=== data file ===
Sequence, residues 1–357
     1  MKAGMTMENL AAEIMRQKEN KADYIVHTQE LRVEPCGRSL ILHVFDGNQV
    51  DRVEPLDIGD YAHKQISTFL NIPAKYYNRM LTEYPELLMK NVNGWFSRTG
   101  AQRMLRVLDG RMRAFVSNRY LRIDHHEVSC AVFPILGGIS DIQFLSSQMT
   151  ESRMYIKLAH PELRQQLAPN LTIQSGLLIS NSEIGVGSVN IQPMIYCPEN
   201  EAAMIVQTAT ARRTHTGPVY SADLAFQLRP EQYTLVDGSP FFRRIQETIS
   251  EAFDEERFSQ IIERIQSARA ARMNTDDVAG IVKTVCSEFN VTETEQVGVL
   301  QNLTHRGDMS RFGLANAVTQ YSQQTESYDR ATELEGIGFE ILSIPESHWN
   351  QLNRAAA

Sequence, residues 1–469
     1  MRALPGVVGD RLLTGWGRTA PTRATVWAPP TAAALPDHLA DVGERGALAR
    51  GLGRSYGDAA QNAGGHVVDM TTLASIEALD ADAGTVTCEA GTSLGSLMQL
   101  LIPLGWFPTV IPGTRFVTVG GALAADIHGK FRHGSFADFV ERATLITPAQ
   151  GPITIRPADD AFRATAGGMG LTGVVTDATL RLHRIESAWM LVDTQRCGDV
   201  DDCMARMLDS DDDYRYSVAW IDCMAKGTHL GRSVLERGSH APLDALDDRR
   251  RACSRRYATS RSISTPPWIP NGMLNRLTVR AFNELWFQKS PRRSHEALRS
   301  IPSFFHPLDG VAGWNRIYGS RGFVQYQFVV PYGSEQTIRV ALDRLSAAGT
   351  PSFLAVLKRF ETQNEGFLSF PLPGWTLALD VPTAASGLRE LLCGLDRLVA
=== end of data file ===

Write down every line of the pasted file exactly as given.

Sequence, residues 1–357
     1  MKAGMTMENL AAEIMRQKEN KADYIVHTQE LRVEPCGRSL ILHVFDGNQV
    51  DRVEPLDIGD YAHKQISTFL NIPAKYYNRM LTEYPELLMK NVNGWFSRTG
   101  AQRMLRVLDG RMRAFVSNRY LRIDHHEVSC AVFPILGGIS DIQFLSSQMT
   151  ESRMYIKLAH PELRQQLAPN LTIQSGLLIS NSEIGVGSVN IQPMIYCPEN
   201  EAAMIVQTAT ARRTHTGPVY SADLAFQLRP EQYTLVDGSP FFRRIQETIS
   251  EAFDEERFSQ IIERIQSARA ARMNTDDVAG IVKTVCSEFN VTETEQVGVL
   301  QNLTHRGDMS RFGLANAVTQ YSQQTESYDR ATELEGIGFE ILSIPESHWN
   351  QLNRAAA

Sequence, residues 1–469
     1  MRALPGVVGD RLLTGWGRTA PTRATVWAPP TAAALPDHLA DVGERGALAR
    51  GLGRSYGDAA QNAGGHVVDM TTLASIEALD ADAGTVTCEA GTSLGSLMQL
   101  LIPLGWFPTV IPGTRFVTVG GALAADIHGK FRHGSFADFV ERATLITPAQ
   151  GPITIRPADD AFRATAGGMG LTGVVTDATL RLHRIESAWM LVDTQRCGDV
   201  DDCMARMLDS DDDYRYSVAW IDCMAKGTHL GRSVLERGSH APLDALDDRR
   251  RACSRRYATS RSISTPPWIP NGMLNRLTVR AFNELWFQKS PRRSHEALRS
   301  IPSFFHPLDG VAGWNRIYGS RGFVQYQFVV PYGSEQTIRV ALDRLSAAGT
   351  PSFLAVLKRF ETQNEGFLSF PLPGWTLALD VPTAASGLRE LLCGLDRLVA